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Mini Splits – What is Ductless Air Conditioning?

mini split ductless air conditioner
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Several of the more popular questions I get asked are “How can I air condition my garage?” or “We are adding a room to our home and the existing air conditioner will not handle the added load, what should we do?” The answer is very simple. We need to install a ductless or mini split style air conditioning system.

First off, what is a duct less air conditioner? The concept is the same as a typical split system in that you have an indoor unit with a coil and a blower assembly, an outdoor unit with a coil and compressor and of course the same refrigerant lines that connect the two. This is where the similarities end. In a home with a traditional split system the air handler or indoor unit has a duct system that distributes the air throughout the space we want to condition. With a mini split, the indoor unit has osculating fins in front of the blower wheels that throw the air up to thirty feet or so in all directions.

As is usually the case, we in the United States need to be different than everyone else. If you look at many other countries in the world, mini splits are the norm and finding ductwork is very unusual. The mini split system has its advantages and drawbacks. Let’s start with the advantages. First and foremost space saving is one of the nicest features with the mini split system along with the fact they have much higher efficiency ratings than typical air conditioners and duct systems. These styles of systems are extremely quiet and with the right equipment, outdoor units can power more than one indoor unit. For example, if you have a laundry room and a garage that you want to air condition only one outdoor unit would be required. Another advantage is if you have a zoned mini split system the indoor units can be set at different temperatures.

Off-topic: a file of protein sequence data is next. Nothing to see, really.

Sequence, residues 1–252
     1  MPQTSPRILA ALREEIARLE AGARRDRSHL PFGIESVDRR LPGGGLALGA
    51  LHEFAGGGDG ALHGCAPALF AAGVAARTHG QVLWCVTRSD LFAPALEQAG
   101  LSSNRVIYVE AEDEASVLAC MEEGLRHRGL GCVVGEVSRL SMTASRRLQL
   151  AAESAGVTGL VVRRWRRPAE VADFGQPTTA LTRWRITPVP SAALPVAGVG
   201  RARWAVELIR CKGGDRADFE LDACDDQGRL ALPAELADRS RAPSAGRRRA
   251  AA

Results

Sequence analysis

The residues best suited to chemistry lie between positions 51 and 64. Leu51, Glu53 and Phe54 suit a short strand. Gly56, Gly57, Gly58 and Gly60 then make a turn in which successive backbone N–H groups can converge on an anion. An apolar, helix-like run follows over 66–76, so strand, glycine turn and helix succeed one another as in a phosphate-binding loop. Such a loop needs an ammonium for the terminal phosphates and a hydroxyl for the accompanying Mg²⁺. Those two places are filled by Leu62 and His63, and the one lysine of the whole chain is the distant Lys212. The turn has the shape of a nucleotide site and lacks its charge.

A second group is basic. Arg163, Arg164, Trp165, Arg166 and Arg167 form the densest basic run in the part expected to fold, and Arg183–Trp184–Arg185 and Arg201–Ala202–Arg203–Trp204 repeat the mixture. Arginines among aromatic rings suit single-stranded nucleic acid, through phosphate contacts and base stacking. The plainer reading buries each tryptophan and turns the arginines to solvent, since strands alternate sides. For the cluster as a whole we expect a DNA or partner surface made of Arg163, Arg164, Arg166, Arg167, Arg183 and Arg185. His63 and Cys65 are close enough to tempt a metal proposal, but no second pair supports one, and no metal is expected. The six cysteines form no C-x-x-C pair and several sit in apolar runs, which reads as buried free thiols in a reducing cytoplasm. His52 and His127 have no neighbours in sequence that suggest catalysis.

The drawbacks are somewhat limited. The two biggest issues I find when it comes to mini splits are the aesthetics and the fact that the indoor units, due to their compact design, have fungal growth issues. The typical indoor unit is about three feet wide, twelve inches tall, sticks off the wall about ten inches and up until recently, white was your only color choice of color. The mini split industry is evolving with the times and several manufacturers are starting to develop designer lines of indoor equipment. These newer styles now come in different colors and one company is making a unit that becomes a picture frame after it is mounted on the wall.

You also have the option of indoor units that are mounted on the floor and there are also styles that can be flush mounted to the ceiling if you have the space in the attic. The industry has also come up with an ultra violet light that fits some of the indoor units to help combat biological growth on the blower wheel and coils inside. These lights do a fair job however, the mini split system will still require cleaning more often than split systems. The last negative thing is that you can’t really install any high quality air filters with a mini split system.

The final item you will need to consider if you are desiring to install a mini split system is the electrical requirements. Mini splits are available in 110V from some companies, however, primarily you will need a 240V circuit installed with a twenty to thirty-amp circuit breaker being added to your circuit breaker panel. I recommend having a qualified electrician assess your full electrical system before beginning the process of shopping for a mini split system.

Well my friends until our paths cross again does anyone else find it troubling that what doctors do they call practice? House Whisperer out!!


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